14 December 2007

Handsome, practical cycling shoes

Posted by todd under: Footwear; Reviews .

A couple of years ago, I bought a pair of shoes mainly because I thought they would slip nicely in and out of the toe clips on my bike.

They did, but that was not enough to earn me a pardon for my crime against fashion.

The shoes were all-black, narrow and smooth, with sort of a rectangular shape that ovaled off on the front, and they had an orthopedic-looking sole. My sister told me that she first saw these hideous shoes sitting next to a doorway where I had left them; not knowing they were mine, she wondered what was wrong with their owner.

After wearing these “sensible” but unsightly shoes until they wore out (after which my wife told me she hated them), I got something a little more fashionable.
Just the shoesSkechers in toe clipSkechers side viewFortunately, the new shoes — the Urbantrack 60311 by Skechers (right) — turned out to be cycling-friendly as well.

I got mine for less than 50 bucks at Shoe Carnival. They look nice with both jeans and khakis. You might even get away with wearing them with a shirt-and-tie outfit. Here’s why they are great for cycling:

  1. The shoes easily slide in and out of toe clips, because they are fairly narrow and have thin soles. They have a flat front, which also works great with toe clips. My other everyday shoes, a pair of New Balance tennis shoes, are thicker and wider. The sides of the shoes tend to get hung up on the toe straps as I am pushing my feet into the toe clips. Then I have to reach down and free the straps while I am riding. That’s not what I want to be thinking about in traffic.
  2. The shoes fit nicely into my Burley shoe covers, again, because the shoes are thin and narrow. I wear the shoe covers on rainy days to keep my feet dry; more about these in a future review. (Preview: They’re great.)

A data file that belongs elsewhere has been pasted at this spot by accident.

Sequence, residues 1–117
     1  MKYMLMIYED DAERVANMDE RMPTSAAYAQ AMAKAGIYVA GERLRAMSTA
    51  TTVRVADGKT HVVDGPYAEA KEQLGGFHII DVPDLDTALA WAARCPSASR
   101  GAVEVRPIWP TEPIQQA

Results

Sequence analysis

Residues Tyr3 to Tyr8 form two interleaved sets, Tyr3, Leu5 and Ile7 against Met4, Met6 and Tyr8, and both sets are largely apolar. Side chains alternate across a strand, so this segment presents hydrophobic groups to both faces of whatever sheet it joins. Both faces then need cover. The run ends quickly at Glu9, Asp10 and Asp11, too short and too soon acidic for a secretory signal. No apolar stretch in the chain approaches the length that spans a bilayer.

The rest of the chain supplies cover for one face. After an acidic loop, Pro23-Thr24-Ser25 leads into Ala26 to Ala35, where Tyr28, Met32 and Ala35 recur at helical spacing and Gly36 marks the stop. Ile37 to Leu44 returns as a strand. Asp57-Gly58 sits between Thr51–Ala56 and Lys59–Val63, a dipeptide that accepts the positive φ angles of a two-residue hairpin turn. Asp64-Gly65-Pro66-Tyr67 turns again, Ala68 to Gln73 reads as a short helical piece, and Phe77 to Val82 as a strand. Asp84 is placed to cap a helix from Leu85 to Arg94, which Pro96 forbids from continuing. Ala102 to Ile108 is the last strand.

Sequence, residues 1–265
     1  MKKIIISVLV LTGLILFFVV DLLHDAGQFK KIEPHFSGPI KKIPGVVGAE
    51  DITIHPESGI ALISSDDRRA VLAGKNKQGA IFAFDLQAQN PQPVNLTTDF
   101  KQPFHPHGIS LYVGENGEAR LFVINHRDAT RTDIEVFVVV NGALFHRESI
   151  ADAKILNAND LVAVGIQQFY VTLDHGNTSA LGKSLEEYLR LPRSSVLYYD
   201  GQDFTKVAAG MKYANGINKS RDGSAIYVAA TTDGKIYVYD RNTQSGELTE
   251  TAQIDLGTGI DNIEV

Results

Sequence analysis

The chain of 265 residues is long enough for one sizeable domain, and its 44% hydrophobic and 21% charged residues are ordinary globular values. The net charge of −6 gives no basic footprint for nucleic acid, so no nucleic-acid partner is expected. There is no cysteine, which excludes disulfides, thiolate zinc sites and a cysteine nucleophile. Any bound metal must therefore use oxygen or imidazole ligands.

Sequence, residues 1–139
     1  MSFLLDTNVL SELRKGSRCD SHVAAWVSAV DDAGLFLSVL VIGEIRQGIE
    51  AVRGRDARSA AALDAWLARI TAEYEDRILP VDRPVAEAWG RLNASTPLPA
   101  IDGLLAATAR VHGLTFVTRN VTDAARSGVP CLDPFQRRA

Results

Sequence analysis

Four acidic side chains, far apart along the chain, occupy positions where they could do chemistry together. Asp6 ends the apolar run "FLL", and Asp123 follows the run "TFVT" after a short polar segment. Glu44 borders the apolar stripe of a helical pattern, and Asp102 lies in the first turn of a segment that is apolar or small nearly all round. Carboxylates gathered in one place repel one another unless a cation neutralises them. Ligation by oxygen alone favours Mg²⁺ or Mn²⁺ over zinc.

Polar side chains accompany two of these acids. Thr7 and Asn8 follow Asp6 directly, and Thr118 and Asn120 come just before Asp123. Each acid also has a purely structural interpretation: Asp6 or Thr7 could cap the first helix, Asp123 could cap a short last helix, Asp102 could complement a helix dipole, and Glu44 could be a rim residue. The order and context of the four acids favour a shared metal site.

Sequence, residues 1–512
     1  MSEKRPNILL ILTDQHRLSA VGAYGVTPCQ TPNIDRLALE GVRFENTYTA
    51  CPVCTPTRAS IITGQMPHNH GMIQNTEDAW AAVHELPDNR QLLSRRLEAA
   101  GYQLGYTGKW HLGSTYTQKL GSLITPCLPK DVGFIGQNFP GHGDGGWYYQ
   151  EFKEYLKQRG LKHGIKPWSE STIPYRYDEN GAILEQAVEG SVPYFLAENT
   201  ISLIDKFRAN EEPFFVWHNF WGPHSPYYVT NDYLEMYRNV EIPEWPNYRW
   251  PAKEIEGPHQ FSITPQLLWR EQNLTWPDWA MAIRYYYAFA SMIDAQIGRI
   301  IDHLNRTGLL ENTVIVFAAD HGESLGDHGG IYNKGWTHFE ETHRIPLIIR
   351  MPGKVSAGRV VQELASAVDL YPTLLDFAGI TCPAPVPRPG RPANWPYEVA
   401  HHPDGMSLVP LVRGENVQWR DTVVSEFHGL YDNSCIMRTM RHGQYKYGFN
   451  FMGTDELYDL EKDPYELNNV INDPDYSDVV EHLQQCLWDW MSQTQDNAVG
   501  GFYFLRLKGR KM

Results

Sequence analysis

3. While they look nice enough to wear to work, they don’t get scratched up like dress shoes do.
  4. The soles grip the pedals well.

I bought the Skechers mostly for their looks, and I had reservations about how long they would last.

However, I have been wearing them on and off the bike almost every weekday for at least a year now, and they are going strong. The soles are not as delicate as they look; they are holding up very well. And by the way, the shoes are quite comfortable.

Skechers has a number of shoes of a similar style and shape, in various colors.

Verdict: Highly recommended.

P.S.: I don’t use toe clips on my Breezer Uptown 8, and I don’t think I need them. I do use them on the other bike I ride to work, a Bridgestone XO-1 (that’s the bike in the picture here). The Skechers work great on both bikes.

You might be familiar with cycling-specific shoes, which have inflexible soles and are made to clip onto specially made pedals. I have never worn these, and I don’t think I ever will. They are unnecessary for my type of riding. Furthermore, Grant Peterson of Rivendell Bicycle Works, a longtime rider and veteran of the bike business, says cycling-specific shoes are unnecessary for every type of riding.

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About the picture atop the page

Yes, that's me, Todd Van Campen. No, I'm not wearing a helmet. Yes, I usually wear one, so please don't scold! Seriously, I endorse wearing a helmet! Pinky swear! In fact, I almost ALWAYS wear one (while riding a bike anyway). (On the other hand, if YOU don't want to wear a helmet, I have no problem with it.) I don't remember what happened on this particular day. Fortunately for all of us it makes for a less-nerdly picture. My exceptionally talented professional photographer friend Charles Bertram took this photo.

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Art for art’s sake

I asked my 6-year-old son, Caleb, an avid bicyclist and artist, to draw a bike for me. I think he did a great job!

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